In some cases, manipulating the brightness of an image is a more effective Lightroom technique than always reaching for exposure control. Exposure in Lightroom modifies the array of highlights in a photo, while brightness alters the highlights uniformly. For example, adding more exposure to an underexposed image is likely to bloom the highlights, eliminating details. The same effect occurs with an overexposed image in an opposite manner. Applying exposure in Lightroom now darkens the highlights. It’s easy to recognize, study and learn the difference between exposure and brightness control in Lightroom when you manipulate two copies of the same image with each control.
It’s just as true during the editing process as the shooting process: less is often more. Subtle use of various Lightroom effects typically results in the most pleasing and creative images. This is particularly true with clarity control. It works by reading the contrast at the mid-point of the tonal spectrum, and then adds contrast, accordingly. It’s certainly a great tool to emphasize details, but you want to use clarity with a light touch. For example, if you’re a portrait or wedding photographer, then too much clarity control can lead to an overemphasis of the pores in the skin. Creating a skin surface with a smooth, clean look starts with just a bit of clarity control, approximately a -15 setting. Examine the image carefully and closely, and then modify the setting until you have a skin tone that will make your client very happy.
To fine-tune the skin-editing process, choose the adjustment brush. It is one of the Lightroom tools that many photographers think is worth the price of the software. Pressing “K” activates the adjustment brush. Then, click on the vertical directional marks to the right of “Effect,” and also “Soften Skin.” Brush the subject’s face, avoiding eyes, eyebrows, lips and hair. During this process, you can press “o” for an overlay view of what part of the face you’ve covered. Press “o” a second time to remove the overlay. Finally, do some slight tweaking with the clarity and sharpness controls, remembering less is more.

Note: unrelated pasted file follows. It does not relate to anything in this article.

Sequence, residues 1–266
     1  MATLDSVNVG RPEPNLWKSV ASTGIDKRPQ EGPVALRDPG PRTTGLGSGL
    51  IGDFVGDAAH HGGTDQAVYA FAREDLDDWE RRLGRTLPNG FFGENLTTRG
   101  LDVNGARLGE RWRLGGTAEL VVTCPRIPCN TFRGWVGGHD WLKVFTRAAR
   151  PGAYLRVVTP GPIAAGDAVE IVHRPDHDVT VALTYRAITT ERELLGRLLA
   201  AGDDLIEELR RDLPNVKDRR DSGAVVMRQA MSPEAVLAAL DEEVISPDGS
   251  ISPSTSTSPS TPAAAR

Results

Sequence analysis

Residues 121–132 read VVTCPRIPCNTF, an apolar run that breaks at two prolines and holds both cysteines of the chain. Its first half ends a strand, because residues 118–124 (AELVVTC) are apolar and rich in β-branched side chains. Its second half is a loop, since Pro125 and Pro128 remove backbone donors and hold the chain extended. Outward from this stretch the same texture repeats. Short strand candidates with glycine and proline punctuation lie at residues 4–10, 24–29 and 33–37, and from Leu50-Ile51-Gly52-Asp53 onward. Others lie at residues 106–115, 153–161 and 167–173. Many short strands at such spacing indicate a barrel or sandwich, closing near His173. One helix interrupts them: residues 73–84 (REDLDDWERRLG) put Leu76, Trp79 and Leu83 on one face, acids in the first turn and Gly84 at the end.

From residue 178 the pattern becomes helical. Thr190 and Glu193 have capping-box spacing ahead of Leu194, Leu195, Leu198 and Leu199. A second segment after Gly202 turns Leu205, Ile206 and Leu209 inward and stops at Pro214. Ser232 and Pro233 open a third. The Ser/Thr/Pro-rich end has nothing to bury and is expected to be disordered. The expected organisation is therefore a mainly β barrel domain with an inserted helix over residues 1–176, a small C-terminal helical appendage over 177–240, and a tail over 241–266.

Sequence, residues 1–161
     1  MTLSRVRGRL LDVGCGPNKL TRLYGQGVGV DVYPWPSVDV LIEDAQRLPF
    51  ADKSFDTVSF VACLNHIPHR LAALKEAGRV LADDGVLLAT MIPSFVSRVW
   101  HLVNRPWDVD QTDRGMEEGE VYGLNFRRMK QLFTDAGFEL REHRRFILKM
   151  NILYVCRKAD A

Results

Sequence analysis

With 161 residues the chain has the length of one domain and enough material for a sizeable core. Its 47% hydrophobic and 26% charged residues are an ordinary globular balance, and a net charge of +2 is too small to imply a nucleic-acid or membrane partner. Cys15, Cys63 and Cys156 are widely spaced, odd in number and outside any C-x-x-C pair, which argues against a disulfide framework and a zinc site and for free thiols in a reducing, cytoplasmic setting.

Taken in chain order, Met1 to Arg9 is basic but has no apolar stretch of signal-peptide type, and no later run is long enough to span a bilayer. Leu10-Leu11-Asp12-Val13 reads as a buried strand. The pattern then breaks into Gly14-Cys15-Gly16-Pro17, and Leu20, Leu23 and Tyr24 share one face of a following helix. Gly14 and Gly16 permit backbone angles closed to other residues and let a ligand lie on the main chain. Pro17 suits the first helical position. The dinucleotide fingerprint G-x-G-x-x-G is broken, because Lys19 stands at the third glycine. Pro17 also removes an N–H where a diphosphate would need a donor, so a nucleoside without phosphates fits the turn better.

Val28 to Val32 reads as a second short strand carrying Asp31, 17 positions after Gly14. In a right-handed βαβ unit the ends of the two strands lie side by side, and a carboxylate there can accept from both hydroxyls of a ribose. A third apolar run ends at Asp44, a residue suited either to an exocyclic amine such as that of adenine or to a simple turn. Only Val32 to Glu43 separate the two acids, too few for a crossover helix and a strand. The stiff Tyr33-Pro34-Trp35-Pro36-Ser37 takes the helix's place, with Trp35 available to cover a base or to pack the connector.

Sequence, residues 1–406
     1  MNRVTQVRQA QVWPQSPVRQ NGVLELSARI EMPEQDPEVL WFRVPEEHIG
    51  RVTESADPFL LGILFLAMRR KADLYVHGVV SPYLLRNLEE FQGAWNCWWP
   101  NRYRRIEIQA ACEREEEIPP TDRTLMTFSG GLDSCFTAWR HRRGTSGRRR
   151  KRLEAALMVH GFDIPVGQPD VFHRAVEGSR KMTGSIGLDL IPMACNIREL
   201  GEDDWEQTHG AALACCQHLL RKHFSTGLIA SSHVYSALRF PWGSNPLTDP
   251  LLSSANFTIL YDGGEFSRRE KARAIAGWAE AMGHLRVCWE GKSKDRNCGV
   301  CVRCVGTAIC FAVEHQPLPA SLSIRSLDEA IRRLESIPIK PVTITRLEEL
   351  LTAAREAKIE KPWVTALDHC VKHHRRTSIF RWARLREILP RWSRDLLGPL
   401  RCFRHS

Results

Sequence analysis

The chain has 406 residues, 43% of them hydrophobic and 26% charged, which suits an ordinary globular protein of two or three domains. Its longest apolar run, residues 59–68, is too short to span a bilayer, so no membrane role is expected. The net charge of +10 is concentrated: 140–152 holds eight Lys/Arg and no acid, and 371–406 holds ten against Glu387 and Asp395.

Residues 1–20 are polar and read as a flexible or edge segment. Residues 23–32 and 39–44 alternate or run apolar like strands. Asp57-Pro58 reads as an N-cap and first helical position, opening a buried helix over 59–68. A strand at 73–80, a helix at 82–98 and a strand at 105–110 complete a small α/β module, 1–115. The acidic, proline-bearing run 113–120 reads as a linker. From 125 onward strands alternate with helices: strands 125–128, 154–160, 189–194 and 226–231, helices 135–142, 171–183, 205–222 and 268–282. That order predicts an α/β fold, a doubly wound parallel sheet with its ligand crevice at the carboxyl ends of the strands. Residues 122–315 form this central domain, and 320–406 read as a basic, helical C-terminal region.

The reality of digital photography jobs, especially events, such as weddings, is that many images are apt to have less than perfect exposure. Your first thought, during editing, is to correct the exposure; however, this can result in losing the quality of skin tones, which will also require some modifications. HSL is the best Lightroom tool for skin-tone correction of an underexposed or overexposure image. If you’re working with an underexposed photo, then choose the target selector tool in the top left of the HSL panel. With it, you’ll be able to reduce the intensity of the skin tones. Select the subject’s skin surface and drag the point across the area. The colors you chose with the target selector are only those that loose some saturation of the skin tones. You’ll find that adding a bit of brightness to the image will give the subject’s skin a very natural and radiant look. Don’t be surprised if this Lightroom technique challenges you. You’ll likely experience some confusion and bad results until you learn the delicate balance of this effect.
Many portrait and wedding photographers like to offer their clients photos with stylish and pleasing vignetting. You’ll discover that Lightroom’s Post-Crop Vignetting tool does an excellent job, especially in making the vignette effect realistic, and not just a digital afterthought. This tool is found on the “Effects” panel. One experienced Lightroom user suggests you start with these settings: Amount = -52, Midpoint = 67, Roundness = +20, Feather = 50 and Highlights = 0.
As of the writing of this PhotographyTalk article, Adobe had released a public beta version of Lightroom 4, which is set to expire March 31, 2012. Some experts and bloggers think this date may suggest a release of the complete version 4 shortly thereafter; others are not so sure. Adobe has not announced when it will release Lightroom 4.
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Photo By: Jim Speth's